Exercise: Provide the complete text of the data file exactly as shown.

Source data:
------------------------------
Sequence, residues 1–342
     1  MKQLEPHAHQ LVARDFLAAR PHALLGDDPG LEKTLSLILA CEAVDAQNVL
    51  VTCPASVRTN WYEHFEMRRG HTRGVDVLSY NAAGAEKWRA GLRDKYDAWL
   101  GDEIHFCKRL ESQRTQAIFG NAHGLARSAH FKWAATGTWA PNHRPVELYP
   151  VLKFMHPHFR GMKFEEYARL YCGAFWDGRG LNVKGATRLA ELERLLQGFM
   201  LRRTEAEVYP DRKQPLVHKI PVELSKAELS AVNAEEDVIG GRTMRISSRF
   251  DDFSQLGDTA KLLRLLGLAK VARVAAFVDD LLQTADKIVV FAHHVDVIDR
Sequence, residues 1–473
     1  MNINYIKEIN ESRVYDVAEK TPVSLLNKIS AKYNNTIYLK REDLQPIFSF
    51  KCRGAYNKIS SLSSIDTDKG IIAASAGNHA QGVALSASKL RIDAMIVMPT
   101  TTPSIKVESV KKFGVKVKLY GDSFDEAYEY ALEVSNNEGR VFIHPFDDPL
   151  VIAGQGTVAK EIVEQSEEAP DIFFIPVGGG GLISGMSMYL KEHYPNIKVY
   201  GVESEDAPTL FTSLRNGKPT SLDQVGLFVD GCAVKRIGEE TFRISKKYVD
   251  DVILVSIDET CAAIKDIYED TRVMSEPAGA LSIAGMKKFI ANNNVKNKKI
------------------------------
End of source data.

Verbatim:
Sequence, residues 1–342
     1  MKQLEPHAHQ LVARDFLAAR PHALLGDDPG LEKTLSLILA CEAVDAQNVL
    51  VTCPASVRTN WYEHFEMRRG HTRGVDVLSY NAAGAEKWRA GLRDKYDAWL
   101  GDEIHFCKRL ESQRTQAIFG NAHGLARSAH FKWAATGTWA PNHRPVELYP
   151  VLKFMHPHFR GMKFEEYARL YCGAFWDGRG LNVKGATRLA ELERLLQGFM
   201  LRRTEAEVYP DRKQPLVHKI PVELSKAELS AVNAEEDVIG GRTMRISSRF
   251  DDFSQLGDTA KLLRLLGLAK VARVAAFVDD LLQTADKIVV FAHHVDVIDR
Sequence, residues 1–473
     1  MNINYIKEIN ESRVYDVAEK TPVSLLNKIS AKYNNTIYLK REDLQPIFSF
    51  KCRGAYNKIS SLSSIDTDKG IIAASAGNHA QGVALSASKL RIDAMIVMPT
   101  TTPSIKVESV KKFGVKVKLY GDSFDEAYEY ALEVSNNEGR VFIHPFDDPL
   151  VIAGQGTVAK EIVEQSEEAP DIFFIPVGGG GLISGMSMYL KEHYPNIKVY
   201  GVESEDAPTL FTSLRNGKPT SLDQVGLFVD GCAVKRIGEE TFRISKKYVD
   251  DVILVSIDET CAAIKDIYED TRVMSEPAGA LSIAGMKKFI ANNNVKNKKI